Under the rule, wealth management firms will have to substantiate why a rollover will be in an investor’s best interest or risk reductions in asset inflows. The documentation must take into account the difference in fees and services between the employer-sponsored plan and the IRA. Because of the increased compliance procedures and potential difficulty in justifying a rollover, it’s reasonable to believe that more assets will stay in employer-sponsored plans like 401(k)s.
Assets staying in 401(k) plans will benefit retirement plan platform providers, while reducing net inflows into wealth management firms.
Looking at rollovers from the perspective of financial advisors that may decline to advise small-balance clients, Morningstar estimates that nearly $50 billion of IRA rollovers are for amounts less than $100,000 and that about $10 billion of IRA rollovers annually is from households that don’t possess $100,000 of total investable assets.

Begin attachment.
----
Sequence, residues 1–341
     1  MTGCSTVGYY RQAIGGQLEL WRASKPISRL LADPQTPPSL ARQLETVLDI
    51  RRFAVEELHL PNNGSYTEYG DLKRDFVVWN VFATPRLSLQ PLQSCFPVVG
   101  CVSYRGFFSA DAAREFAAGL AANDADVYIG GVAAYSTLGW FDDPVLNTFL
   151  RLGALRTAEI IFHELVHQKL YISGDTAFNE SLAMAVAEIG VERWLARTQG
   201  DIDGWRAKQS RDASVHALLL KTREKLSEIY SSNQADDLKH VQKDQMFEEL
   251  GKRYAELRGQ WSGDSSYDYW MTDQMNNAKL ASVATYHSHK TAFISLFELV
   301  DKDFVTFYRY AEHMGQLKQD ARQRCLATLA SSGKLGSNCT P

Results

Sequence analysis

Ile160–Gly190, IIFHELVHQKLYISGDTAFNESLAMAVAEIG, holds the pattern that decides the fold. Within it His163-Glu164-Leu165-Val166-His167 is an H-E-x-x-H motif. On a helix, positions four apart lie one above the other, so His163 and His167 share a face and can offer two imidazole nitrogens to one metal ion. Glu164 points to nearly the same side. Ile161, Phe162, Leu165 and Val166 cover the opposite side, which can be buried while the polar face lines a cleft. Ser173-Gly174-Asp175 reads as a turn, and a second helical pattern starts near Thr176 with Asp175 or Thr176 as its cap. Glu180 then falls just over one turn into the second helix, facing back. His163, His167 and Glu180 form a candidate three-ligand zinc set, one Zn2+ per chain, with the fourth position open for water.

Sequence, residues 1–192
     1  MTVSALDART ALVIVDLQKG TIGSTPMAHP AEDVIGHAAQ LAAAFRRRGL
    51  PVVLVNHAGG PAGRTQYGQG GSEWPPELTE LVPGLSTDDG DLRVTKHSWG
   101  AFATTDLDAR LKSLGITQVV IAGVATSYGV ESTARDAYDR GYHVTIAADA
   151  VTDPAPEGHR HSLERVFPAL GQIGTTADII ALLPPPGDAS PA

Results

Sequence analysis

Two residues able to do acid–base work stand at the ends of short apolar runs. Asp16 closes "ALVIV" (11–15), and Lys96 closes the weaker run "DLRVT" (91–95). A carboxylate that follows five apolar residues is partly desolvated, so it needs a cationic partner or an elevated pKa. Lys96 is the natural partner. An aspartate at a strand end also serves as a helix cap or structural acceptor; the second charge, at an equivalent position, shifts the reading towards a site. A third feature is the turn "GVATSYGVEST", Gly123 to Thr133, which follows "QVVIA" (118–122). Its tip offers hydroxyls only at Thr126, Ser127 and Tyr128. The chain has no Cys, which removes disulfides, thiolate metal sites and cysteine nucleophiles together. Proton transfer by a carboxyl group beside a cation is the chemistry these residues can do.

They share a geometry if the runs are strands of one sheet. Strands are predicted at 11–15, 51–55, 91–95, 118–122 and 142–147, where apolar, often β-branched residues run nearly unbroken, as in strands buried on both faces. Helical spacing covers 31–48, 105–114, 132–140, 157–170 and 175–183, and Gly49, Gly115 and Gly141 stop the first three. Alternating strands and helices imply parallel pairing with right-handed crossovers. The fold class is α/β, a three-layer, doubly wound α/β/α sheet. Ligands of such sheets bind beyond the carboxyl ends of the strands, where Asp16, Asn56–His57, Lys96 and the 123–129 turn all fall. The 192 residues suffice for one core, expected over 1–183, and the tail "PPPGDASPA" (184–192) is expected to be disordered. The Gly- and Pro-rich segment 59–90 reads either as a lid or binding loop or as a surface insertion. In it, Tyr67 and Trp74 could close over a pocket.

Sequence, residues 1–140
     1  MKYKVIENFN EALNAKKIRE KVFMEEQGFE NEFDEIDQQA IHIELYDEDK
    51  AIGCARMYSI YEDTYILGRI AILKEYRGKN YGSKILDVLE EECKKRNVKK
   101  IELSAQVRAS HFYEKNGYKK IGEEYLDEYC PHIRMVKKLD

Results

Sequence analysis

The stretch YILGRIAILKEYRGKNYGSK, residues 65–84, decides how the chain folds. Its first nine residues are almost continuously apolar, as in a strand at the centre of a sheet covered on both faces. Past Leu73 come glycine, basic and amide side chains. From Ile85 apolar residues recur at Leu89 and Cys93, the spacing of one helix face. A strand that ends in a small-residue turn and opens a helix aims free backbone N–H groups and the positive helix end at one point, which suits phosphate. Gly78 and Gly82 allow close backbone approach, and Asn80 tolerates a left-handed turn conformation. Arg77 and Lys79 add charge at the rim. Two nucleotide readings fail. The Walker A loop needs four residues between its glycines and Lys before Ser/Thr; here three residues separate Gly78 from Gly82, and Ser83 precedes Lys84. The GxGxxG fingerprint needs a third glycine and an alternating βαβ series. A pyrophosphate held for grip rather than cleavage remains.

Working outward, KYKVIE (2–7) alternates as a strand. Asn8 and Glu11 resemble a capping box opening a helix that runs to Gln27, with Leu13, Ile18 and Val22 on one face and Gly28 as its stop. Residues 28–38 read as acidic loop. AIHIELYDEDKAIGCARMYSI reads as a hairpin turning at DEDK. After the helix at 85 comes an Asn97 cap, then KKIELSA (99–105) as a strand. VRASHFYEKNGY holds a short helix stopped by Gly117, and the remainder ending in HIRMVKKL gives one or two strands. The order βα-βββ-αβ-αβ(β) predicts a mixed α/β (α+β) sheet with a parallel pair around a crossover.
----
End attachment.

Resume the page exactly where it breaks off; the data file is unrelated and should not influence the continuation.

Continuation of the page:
Alternative Asset Managers
“Alternative asset managers and life insurance companies will be challenged,” Wong said during the MICUS panel. “Definitely the Department of Labor fiduciary rule puts fixed income annuities and variable annuities under best interest contract exemption.”
Many alternative products, such as nontraded real estate investment trusts and derivatives, come with relatively high fees. According to Morningstar, the bar for justifying these alt products in a retirement account under a best-interest obligation is then much higher than more standard products such as mutual funds and exchange-traded REITs.
“We believe that some of these higher-expense products are likely to be challenged. They really have to adapt,” Wong told the crowd at the conference. “They could lower their expenses so that makes the ratio a bit better … or they have to further substantiate why it works in a client’s portfolio.”